Y’know, if I didn’t think Phil Scott was a different kind of politician, a straight shooter who refuses to indulge in gamesmanship, I’d congratulate him for a decent bit of trickeration today. See, on the morning of WDEV Radio’s Tunbridge Fair debate (the one he refused to take part in), he held a press conference to unveil a major policy initiative.
Complete coincidence, I’m sure. Because Phil Scott would never resort to such shenanigans.
The big unveil was Scott’s “comprehensive blueprint for economic growth.” And it seems \designed to counter the criticism that his campaign is short on specifics. It weighs in at a robust 56 pages — although that includes roughly 14 pages of large photos, mainly featuring Phil Scott.
The document includes a “12-part Economic Growth Plan” with “more than 50 specific ideas, initiatives and proposals.”
Trying too hard, are we? Looks like a high schooler trying to pad the ol’ word count.
Most of those 50 ideas have been previously announced. Some appear to have little to do with the economy, including “Restoring Faith &: Trust in State Government” and “Addressing Vermont’s Opiate Epidemic.”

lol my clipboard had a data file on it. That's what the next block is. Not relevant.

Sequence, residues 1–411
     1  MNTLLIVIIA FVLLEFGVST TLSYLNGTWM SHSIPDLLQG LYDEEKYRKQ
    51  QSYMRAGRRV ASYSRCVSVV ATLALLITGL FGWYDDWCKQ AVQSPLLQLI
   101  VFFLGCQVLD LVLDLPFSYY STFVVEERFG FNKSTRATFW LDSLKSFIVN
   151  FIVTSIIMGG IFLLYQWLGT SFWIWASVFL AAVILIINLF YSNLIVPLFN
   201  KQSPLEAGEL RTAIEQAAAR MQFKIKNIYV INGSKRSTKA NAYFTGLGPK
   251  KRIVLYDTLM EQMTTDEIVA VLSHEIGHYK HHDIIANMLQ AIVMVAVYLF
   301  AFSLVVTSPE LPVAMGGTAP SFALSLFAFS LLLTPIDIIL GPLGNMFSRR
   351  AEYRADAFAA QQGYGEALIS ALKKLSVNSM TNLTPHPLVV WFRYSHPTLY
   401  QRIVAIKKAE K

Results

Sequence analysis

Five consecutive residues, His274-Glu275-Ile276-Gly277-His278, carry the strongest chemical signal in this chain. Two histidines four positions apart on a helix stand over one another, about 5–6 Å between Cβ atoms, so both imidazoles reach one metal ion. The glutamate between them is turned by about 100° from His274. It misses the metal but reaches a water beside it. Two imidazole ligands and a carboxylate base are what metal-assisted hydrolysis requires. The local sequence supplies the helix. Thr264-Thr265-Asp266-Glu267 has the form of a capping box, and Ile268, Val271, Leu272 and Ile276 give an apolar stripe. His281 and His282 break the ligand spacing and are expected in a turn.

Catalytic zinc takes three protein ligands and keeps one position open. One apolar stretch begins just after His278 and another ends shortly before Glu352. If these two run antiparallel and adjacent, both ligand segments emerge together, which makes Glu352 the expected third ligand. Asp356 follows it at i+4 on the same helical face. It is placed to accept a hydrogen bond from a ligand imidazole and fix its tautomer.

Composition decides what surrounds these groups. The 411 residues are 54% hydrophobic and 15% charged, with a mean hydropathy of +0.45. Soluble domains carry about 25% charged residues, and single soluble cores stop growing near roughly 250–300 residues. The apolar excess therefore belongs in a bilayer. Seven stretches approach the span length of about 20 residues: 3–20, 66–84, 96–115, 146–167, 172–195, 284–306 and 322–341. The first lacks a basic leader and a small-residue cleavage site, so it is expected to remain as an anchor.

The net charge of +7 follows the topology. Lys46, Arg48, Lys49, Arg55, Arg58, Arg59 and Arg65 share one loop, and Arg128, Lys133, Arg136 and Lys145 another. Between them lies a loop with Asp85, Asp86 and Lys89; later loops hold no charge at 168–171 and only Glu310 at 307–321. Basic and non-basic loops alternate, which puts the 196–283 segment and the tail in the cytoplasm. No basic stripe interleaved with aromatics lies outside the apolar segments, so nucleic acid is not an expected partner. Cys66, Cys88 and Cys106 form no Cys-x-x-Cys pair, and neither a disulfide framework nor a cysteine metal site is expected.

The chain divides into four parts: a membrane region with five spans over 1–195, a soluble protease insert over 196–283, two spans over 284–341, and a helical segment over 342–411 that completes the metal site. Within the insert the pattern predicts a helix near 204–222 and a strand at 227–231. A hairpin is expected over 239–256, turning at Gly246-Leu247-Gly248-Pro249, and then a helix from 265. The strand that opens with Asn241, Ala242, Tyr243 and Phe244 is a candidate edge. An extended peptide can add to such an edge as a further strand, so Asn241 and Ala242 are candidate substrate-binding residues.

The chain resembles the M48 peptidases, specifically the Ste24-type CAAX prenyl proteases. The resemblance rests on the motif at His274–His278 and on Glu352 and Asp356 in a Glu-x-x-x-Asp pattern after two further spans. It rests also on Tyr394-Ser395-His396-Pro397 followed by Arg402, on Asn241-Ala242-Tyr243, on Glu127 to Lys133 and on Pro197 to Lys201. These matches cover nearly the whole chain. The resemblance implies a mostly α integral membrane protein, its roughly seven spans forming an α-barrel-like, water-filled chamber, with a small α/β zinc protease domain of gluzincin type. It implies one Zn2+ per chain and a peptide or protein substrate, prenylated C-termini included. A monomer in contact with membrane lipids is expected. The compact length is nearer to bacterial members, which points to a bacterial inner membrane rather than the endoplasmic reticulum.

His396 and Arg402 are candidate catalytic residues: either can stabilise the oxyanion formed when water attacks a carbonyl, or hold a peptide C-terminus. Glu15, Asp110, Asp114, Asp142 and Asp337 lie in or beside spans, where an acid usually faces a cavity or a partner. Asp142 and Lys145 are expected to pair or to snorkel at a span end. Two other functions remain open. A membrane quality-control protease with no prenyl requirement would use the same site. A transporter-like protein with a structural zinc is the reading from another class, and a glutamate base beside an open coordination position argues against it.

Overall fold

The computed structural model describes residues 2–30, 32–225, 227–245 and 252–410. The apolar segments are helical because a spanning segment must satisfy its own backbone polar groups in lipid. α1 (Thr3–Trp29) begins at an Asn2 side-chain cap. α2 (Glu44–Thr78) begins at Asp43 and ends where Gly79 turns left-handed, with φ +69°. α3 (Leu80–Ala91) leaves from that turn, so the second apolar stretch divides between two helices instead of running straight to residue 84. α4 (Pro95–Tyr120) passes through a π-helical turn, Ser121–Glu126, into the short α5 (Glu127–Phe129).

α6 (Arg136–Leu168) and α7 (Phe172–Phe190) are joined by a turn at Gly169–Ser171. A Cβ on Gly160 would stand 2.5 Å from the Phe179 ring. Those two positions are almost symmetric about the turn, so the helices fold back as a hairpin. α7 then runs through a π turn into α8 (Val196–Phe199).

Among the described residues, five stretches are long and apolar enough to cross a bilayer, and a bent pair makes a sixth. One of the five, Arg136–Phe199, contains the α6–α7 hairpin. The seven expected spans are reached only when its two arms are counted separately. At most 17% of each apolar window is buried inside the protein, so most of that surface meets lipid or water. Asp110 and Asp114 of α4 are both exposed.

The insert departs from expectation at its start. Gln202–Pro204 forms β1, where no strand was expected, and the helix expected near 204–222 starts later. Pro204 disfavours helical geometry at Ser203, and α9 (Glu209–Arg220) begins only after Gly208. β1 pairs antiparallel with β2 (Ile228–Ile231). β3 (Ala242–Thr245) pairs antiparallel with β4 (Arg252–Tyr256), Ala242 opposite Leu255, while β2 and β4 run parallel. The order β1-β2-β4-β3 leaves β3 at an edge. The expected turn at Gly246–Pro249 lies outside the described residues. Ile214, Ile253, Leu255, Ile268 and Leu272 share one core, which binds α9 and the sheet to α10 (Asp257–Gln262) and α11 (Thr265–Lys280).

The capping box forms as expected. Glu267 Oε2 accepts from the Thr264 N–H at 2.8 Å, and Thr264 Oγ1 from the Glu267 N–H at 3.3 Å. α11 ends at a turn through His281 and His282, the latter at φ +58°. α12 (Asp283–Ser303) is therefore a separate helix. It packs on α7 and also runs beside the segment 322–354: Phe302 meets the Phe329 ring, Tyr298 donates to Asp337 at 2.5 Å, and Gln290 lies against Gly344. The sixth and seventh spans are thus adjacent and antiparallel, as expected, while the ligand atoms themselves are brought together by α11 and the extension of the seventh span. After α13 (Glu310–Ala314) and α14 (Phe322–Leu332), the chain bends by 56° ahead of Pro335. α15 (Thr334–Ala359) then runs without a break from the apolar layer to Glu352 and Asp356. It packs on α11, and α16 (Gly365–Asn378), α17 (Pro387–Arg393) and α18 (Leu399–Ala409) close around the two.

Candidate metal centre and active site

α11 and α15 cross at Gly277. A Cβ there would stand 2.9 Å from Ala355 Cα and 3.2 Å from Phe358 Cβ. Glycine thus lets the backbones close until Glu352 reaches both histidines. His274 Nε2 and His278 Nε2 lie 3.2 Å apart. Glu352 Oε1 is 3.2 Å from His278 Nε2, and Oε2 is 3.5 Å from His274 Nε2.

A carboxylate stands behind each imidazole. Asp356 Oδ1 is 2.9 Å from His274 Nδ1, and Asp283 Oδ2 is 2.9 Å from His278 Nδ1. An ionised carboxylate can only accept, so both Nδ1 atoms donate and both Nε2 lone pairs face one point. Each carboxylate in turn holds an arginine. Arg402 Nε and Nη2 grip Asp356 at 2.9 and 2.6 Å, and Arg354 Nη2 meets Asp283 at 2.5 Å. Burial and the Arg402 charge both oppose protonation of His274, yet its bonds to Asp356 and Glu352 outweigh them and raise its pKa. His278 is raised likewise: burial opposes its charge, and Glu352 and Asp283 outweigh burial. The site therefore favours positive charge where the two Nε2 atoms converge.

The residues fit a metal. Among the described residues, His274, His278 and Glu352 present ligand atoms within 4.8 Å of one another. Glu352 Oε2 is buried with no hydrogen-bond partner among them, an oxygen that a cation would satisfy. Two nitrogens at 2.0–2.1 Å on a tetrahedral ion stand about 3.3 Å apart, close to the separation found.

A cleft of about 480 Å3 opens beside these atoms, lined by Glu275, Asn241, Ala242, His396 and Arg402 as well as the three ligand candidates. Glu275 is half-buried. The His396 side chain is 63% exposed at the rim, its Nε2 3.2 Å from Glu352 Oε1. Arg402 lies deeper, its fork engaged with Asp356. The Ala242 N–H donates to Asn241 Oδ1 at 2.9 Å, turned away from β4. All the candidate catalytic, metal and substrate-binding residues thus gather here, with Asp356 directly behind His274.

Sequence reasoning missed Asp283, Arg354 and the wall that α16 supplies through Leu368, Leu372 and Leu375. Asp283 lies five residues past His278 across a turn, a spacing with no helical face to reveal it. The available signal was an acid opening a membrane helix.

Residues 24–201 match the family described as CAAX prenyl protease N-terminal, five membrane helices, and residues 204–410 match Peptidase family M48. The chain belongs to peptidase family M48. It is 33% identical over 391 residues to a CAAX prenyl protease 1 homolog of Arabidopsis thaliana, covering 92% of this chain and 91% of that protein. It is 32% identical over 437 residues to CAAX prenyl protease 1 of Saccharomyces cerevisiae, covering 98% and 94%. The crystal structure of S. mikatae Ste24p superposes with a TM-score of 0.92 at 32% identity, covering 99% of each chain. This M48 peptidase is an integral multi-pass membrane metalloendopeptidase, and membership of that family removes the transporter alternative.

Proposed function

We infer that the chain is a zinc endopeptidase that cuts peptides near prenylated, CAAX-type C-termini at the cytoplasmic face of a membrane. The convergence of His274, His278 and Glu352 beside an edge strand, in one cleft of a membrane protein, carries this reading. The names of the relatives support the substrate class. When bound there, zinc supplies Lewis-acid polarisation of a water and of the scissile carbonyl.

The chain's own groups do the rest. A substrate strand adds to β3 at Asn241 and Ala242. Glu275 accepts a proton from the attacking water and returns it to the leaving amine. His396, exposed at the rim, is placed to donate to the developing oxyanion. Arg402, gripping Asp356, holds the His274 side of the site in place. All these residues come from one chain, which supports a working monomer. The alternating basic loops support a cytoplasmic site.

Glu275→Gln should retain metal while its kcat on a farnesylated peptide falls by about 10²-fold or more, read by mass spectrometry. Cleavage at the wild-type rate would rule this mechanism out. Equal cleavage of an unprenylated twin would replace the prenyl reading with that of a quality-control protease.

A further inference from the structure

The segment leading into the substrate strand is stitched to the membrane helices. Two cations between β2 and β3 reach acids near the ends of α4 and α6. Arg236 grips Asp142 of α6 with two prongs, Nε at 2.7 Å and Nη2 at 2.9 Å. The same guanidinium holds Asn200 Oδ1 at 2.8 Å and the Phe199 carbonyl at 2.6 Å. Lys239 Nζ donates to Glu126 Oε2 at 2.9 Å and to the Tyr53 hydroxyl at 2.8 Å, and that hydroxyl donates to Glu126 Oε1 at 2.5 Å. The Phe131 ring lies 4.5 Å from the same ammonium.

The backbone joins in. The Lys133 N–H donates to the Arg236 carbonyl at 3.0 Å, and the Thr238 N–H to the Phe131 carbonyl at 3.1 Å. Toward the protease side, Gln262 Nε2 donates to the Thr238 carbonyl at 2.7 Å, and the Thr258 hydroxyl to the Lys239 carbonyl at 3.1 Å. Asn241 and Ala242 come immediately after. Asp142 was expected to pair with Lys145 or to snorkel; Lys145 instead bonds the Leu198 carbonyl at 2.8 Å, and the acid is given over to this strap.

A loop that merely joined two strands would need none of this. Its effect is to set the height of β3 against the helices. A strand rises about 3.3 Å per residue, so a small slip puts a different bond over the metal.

Some of the “specific ideas” are fundamentally nebulous, like his assertion that he will “encourage and support all employers” and “retain and recruit the best medical professionals.”
Others identify a problem but completely fail to address it. He is silent, for instance, on the distressingly high cost of secondary education. He calls for “clean and affordable energy,” but offers nothing but platitudes and vague aspirations on energy production and efficiency.
He talks of energy independence for Vermont, which is a chimera at best. But even if you take him at his word, he’d also like to see Vermont consume more natural gas, which would of necessity come from outside our borders.
Then there’s his plethora of tax credits and incentives, which would reduce government revenue while offering an unproven return. Indeed, there’s substantial evidence that incentives are basically a waste of money.
And while Scott proposes a raft of incentives, he has no plan for how to pay for them. How will he replace the tax revenue foregone through incentives? He doesn’t say.
Indeed, at his press conference, he failed to answer a variety of questions seeking more detail and more specifics.
Phil Scott’s economic plan is an impressive-looking pile of words and pictures. But there’s not much new here. It’s short on specifics and long on generalities, aspirations, and platitudes.
Maybe we should elect that empty chair instead.